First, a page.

Before posting the last of the series on "How to Become a Corps Commander," I thought it best to separate the chaff of my impressions of McDowell from the wheat of analytic comparison that represents this series. This post, then, is summary and informal.
Yet another publishing season has come and gone without any scholar or publisher troubling him/herself with a biography of McDowell. You remain at the mercy of websites like this one. Should you ever wish, in the future, to contest my picture of Civil War publishing as broken, check books-in-print first to see if there is yet a McDowell bio. If not, cut me the break please. This is an ongoing disgrace.
Irvin McDowell was one of those rare high command figures who was on active duty when the war broke out, although he was not a member of the high command at first. He hailed from Ohio and was assistant adjutant general in Washington in April '61.
In the general pattern of patronage, at the war's outbreak the active duty officer was generally holding a mess of pottage. The connections employed to secure West Point appointment were broken by time and change of political fortunes. Consider William Franklin: his appointment to the USMA was arranged by Buchanan when Buck was an MC. His presence in Washington as engineer of the Capitol dome construction had much to do with President Buchanan. Serving officers were, by and large, politicaly orphaned before hostilities commenced.
Not Irvin McDowell. He was cousin to Ohio's sitting Gov. William Dennison, who had replaced ex-Gov. Salmon Chase, the treasury secretary. Chase and Dennison ran the Ohio Republican machine with a little help from political generals like Jacob Cox and a future presidents Garfield and McKinley. McDowell was one of the handful of prewar officers, like Sumner, Keyes, and Heintzelman, who was known as a Republican and an Abolitionist. He had a backer in the Cabinet and a cousin in the governor's mansion.
For reasons ostensibly having to do with overwork in spring and summer of 1861, Simon Cameron delegated large portions of his secretary of war portfolio to Salmon Chase. As Cameron was Seward's creature, and an unhappy one, the delegation of his work to Seward's nemesis Chase is worth studying in a future post.
The prodigious war work performed by Chase earned him the courtesy title "General" and for this work he needed military advice. He recruited capitol engineer William Franklin (ousted from his position by Seward's protege Meigs) and Irvin McDowell. J.G. Randall aptly calls this duo Chase's "military cabinet." One of their more substantial projects was the development - under Chase's direction - of the table of equipment and organization for USV regiments.
The duo of McDowell and Franklin became one of the best known military combinations in Washington, with the pair sitting in Cabinet meetings, drafting operational plans, and acting as a de facto planning group for Chase and even Lincoln. When Scott needed bypassing, the McDowell/Franklin team was there for the civilians. They foreshadowed the use to which McClellan would be put after Bull Run. They were revived, as a team, during McClellan's illness in December of 1861.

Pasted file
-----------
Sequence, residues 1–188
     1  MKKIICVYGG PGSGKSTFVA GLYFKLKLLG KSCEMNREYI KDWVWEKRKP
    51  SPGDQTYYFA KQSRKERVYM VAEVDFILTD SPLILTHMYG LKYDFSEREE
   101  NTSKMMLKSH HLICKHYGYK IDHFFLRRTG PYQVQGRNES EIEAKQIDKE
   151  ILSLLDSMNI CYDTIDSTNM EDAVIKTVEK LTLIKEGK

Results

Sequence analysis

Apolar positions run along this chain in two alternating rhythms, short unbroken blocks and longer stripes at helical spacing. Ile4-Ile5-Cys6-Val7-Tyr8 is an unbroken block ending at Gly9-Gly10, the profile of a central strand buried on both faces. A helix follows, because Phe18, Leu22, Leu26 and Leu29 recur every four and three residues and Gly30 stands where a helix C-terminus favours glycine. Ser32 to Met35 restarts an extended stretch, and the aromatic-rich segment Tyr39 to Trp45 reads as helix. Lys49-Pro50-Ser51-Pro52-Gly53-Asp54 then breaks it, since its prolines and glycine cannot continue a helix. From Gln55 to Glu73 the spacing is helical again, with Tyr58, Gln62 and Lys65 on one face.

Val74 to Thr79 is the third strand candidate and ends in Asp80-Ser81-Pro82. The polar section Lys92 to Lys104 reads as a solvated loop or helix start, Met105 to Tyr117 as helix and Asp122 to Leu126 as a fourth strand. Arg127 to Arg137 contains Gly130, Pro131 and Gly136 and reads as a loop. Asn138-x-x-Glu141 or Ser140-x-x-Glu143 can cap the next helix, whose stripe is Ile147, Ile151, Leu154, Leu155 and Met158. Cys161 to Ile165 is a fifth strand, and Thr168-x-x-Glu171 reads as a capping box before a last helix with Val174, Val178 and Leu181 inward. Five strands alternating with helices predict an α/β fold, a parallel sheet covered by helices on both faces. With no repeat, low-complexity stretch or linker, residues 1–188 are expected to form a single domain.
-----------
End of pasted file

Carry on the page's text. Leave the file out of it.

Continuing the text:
As McClellan would be foisted upon an unwilling Scott, so was McDowell. When Chase arranged McDowell's promotion from major to BG, Scott became outraged because he was against
grade inflation and because he had not been consulted on the matter (see Beatie, Vol. 1). Lincoln (and Chase) made McDowell Scott's deputy and then used McDowell and Franklin (again) to plan the advance into Virginia without Scott's involement.
Among McDowell's relatives, we should mention that Gen. John Buford, of cavalry fame, was married to McDowell's cousin; and McDowell met his wife through the old Whig General Wool, whose ADC McDowell had been. Oddly enough, when Chase's man McDowell became damaged, Chase's man McClellan took charge. When McClellan became damaged, Gov. Dennison's relative (by marriage) Napoleon Buford was sought as Mac's replacement (see here and here).
Again, exploring the Chase dimension, note that General Wadsworth, the upstate politician heading the anti-Seward wing of the New York Republican Party (i.e. the Chase wing) rocketed from volunteer ADC to McDowell to brigadier general immediately after Bull Run.
Note also McClellan's decision - under Chase's and Dennison's sponsorship - to keep McDowell on board after Bull Run. After McDowell allows the Radicals to use him in a plot to overthrow McClellan, it is Franklin who intervenes on McDowell's behalf to mend fences with Mac. All this is grist for that future biography.
After second Bull Run, McDowell ends up as as president of the Court for investigating cotton frauds. This is a sensitive post for any friend of Salmon Chase because Chase has married his daughter off to the biggest cotton mill owner in the North, William Sprague, ex-governor of Rhode Island. Sprague manages to get a lot of cotton during McDowell's tenure.
McDowell's brother Malcom, another personal ADC, later became paymaster of the Army of Tennessee. In an 1864 letter to his father, Gen. Frank Blair complains that McDowell's paymaster brother is running Treasury-authorized cotton deals through enemy lines on behalf of Governor Sprague. Irvin was not minding the cotton fraud desk as diligently as he might have.
Finally, on a trivial note, if you read soldiers' accounts of encounters with McD, you tend to find him wearing "that hat." They all seem offended by the hat but none bother to describe it. I once asked Thomas P. Rowland, who was then researching a McDowell bio, what on earth the hat might have been. He thought it a souvenir of McDowell's Indian sojourns, a toppee.
It's as much biography as has emerged, but I'll take what I can get.
(A non-period reproduction of any old toppee is shown at right.)